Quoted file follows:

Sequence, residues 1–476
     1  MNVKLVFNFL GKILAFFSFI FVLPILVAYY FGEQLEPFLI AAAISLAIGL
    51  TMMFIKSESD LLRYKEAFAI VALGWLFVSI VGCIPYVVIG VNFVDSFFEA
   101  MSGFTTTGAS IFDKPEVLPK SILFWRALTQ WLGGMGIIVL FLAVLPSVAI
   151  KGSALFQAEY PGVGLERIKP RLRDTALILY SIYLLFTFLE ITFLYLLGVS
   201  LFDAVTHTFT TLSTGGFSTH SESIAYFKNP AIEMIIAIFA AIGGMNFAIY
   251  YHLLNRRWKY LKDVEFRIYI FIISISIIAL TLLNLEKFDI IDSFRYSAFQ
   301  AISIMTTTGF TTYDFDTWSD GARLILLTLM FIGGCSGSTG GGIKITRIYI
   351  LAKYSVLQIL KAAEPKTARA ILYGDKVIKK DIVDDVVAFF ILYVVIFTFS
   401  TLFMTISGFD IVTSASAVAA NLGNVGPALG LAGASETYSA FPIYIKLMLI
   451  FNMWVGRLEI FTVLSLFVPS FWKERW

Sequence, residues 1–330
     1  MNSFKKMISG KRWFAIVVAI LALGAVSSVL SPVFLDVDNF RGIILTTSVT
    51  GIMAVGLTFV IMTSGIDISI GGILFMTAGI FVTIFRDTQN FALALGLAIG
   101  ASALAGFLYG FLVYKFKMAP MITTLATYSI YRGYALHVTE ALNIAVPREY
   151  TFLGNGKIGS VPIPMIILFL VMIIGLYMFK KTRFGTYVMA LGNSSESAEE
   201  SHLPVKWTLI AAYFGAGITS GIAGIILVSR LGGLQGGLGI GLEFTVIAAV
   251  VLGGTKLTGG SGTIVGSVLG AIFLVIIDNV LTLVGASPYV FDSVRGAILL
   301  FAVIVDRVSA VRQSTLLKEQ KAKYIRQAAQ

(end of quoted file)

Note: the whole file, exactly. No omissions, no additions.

Sequence, residues 1–476
     1  MNVKLVFNFL GKILAFFSFI FVLPILVAYY FGEQLEPFLI AAAISLAIGL
    51  TMMFIKSESD LLRYKEAFAI VALGWLFVSI VGCIPYVVIG VNFVDSFFEA
   101  MSGFTTTGAS IFDKPEVLPK SILFWRALTQ WLGGMGIIVL FLAVLPSVAI
   151  KGSALFQAEY PGVGLERIKP RLRDTALILY SIYLLFTFLE ITFLYLLGVS
   201  LFDAVTHTFT TLSTGGFSTH SESIAYFKNP AIEMIIAIFA AIGGMNFAIY
   251  YHLLNRRWKY LKDVEFRIYI FIISISIIAL TLLNLEKFDI IDSFRYSAFQ
   301  AISIMTTTGF TTYDFDTWSD GARLILLTLM FIGGCSGSTG GGIKITRIYI
   351  LAKYSVLQIL KAAEPKTARA ILYGDKVIKK DIVDDVVAFF ILYVVIFTFS
   401  TLFMTISGFD IVTSASAVAA NLGNVGPALG LAGASETYSA FPIYIKLMLI
   451  FNMWVGRLEI FTVLSLFVPS FWKERW

Sequence, residues 1–330
     1  MNSFKKMISG KRWFAIVVAI LALGAVSSVL SPVFLDVDNF RGIILTTSVT
    51  GIMAVGLTFV IMTSGIDISI GGILFMTAGI FVTIFRDTQN FALALGLAIG
   101  ASALAGFLYG FLVYKFKMAP MITTLATYSI YRGYALHVTE ALNIAVPREY
   151  TFLGNGKIGS VPIPMIILFL VMIIGLYMFK KTRFGTYVMA LGNSSESAEE
   201  SHLPVKWTLI AAYFGAGITS GIAGIILVSR LGGLQGGLGI GLEFTVIAAV
   251  VLGGTKLTGG SGTIVGSVLG AIFLVIIDNV LTLVGASPYV FDSVRGAILL
   301  FAVIVDRVSA VRQSTLLKEQ KAKYIRQAAQ